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(nôr`wôk'). 1 City (1990 pop. 94,279), Los Angeles co., S Calif.; settled in the 1850s, inc. 1957. With the arrival (1875) of the Southern Pacific RR, it became a center for the dairy and logging industries, but Norwalk's main growth occurred with the rapid industrialization that followed World War II. Manufactures include metal and plastic products, computer equipment, and furniture. The city holds an annual Space, Science, and Technology Show.

2 City (1990 pop. 78,331), Fairfield co., SW Conn., at the mouth of the Norwalk River, on Long Island Sound; settled 1640, inc. 1913. An early oyster center, the city now manufactures apparel, electronic and electrical equipment, machinery, and chemicals. There is also aircraft research. Norwalk was burned by the British in the American Revolution. The city includes numerous small islands in the harbor and the village of Silvermine, an artists' colony.

3 City (1990 pop. 14,731), seat of Huron co., N Ohio; inc. 1881. It is a trade and processing center for a farm area, with factories that make furniture, rubber and metal products, and machinery. The city was settled (c.1817) by "Fire Sufferers" from Norwalk, Conn., whose homes had been burned by the British in the American Revolution.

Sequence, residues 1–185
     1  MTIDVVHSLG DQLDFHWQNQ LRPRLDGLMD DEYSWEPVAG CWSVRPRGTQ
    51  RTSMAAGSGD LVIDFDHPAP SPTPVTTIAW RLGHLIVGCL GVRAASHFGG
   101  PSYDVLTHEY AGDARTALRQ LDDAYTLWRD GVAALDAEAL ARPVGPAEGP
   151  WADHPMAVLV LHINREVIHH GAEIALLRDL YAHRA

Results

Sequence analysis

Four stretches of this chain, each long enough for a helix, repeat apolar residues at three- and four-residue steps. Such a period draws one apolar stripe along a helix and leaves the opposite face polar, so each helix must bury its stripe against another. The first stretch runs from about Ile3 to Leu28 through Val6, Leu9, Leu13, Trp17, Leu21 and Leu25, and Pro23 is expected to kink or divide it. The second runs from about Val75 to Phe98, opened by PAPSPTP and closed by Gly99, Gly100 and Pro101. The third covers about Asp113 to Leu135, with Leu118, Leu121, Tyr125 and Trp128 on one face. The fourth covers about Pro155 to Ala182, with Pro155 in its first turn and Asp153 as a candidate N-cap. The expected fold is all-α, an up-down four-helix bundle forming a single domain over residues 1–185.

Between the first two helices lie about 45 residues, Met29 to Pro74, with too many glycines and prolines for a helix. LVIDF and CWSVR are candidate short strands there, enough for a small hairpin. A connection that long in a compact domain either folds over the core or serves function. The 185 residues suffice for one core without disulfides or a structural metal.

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The following article is from The Great Soviet Encyclopedia (1979). It might be outdated or ideologically biased.



a city in the state of Connecticut, in the northeastern USA; situated on the north shore of Long Island Sound. Population, 79,000; 120,000, including the metropolitan area (1970). There are 20,000 people employed in industry, including machine building (for example, automobile assembly) and the garment, knitted goods, footwear, paper, and tire industries. Norwalk was founded in 1650.

The Great Soviet Encyclopedia, 3rd Edition (1970-1979). © 2010 The Gale Group, Inc. All rights reserved.
References in periodicals archive ?
The Norwalk agent can remain infective even if frozen for years or heated to 60 C for 30 minutes (80); however, cooking temperatures at boiling or above are probably adequate to inactivate Norwalk and most other enteric viral pathogens.
Studies have documented that the Norwalk agent can remain highly infective despite 30-minute exposure to concentrations of chlorine as high as 6.25 mg/L, and levels of 10 mg/L appear necessary to inactivate it (82).